...If ever that could be said of a Supreme Court opinion, it would be Monday’s unanimous decision in Susan B. Anthony List v. Driehaus. The case seemed, at first glance, to concern the right to lie about politics. As properly decided by the Court, however, it only had to do with the abstruse doctrine of “standing to sue,” which requires a plaintiff challenging a law to show an “actual injury,” not just a political objection to the law.
The plaintiffs want to challenge an Ohio state law that bans “a false statement concerning the voting record of a candidate or public official” within a specified period before a primary or general election “knowing the same to be false or with reckless disregard of whether it was false or not.” (Their petition counted at least 15 other states that have “false statement” laws.) Because there is no action pending against them now, a lower court held they had no standing.
The issue presented to the Court thus was narrow. That may be why the opinion was delivered by Justice Clarence Thomas. Thomas has idiosyncratic views on free speech, and rarely gets to write a majority opinion on a First Amendment question. His opinion said only that a political group that might be penalized down the road for making “false” statements in future campaigns had standing to go forward now with a lawsuit...
The problem with this decision is subtle but important: while it looks like it gives PACs and candidates the right to fight back against governmental oversight with too broad and vague a reach, it lays the groundwork for elections to be filled with the worst sort of mudslinging and negative campaigning. While we already have a huge problem with negative campaigning, there is at least a method in place to stop or limit such bad behavior through the threat of sanctions by state-level authorities. This ruling can be the first step towards eliminating such authority down the road.
The Court doesn't seem to recognize - when you look at other recent rulings making it easier to lie to the public - the implications of lying in the public forum. They're thinking about the specific harm against an accused or a victim of the lie, or the specific harm against the person or group making that lie. They're not looking at the effect that lie has on everybody else.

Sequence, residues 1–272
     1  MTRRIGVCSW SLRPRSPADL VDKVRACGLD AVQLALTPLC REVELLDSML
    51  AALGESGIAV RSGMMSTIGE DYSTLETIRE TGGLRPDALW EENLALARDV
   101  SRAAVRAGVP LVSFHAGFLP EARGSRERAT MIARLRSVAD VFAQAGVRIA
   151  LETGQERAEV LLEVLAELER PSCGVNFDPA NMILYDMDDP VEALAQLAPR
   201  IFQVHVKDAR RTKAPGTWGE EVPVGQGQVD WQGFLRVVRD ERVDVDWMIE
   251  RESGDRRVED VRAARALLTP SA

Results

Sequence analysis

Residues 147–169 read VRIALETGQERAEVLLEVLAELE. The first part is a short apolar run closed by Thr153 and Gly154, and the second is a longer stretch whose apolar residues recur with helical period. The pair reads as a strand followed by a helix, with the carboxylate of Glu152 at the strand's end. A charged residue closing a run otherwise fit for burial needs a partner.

Our voters, our citizenry, rely on being well-informed - informed to the facts, and with accuracy - in order to make decisions when voting for elected officials and voting for public referendums. When they're being told falsehoods about a candidate - "Oh, that one eats babies!" - or a political issue - "Gay marriage causes hurricanes and earthquakes!" - it confuses the public dialog, making it more difficult for reasonable, common sense political fixes to get made.
We're still dealing with the massive fallout of one of the biggest falsehood campaigns our elected officials pulled: we're still coping with the lies Bush and Cheney and their administration spread across the nation's media outlets about Iraq being a backer of Bin Laden and with Saddam wielding an arsenal of WMDs. More than 12 years later, we've got a radically divided Iraq on the verge of sectarian collapse because we got lied into an invasion and ill-planned occupation, and as the nation most responsible for the damage Iraq is in now, we're looked at paying the costs of trying to keep that war-torn nation afloat... even as the liars who got us into the mess are making more noise about what to do (bomb 'em some more, for the most part) about it. All because those liars never got held accountable, because they kept selling their snake oil and their BS to the electorate still voting themselves or their allies back into office giving them political cover to lie some more.
This is the damage lying can cause in politics: lying distorts, lying ill-informs, lying kills.
We need stronger laws in place to stop candidates and campaigns from making false accusations and outright lies. At some point, the facts have to matter. The truth has to matter.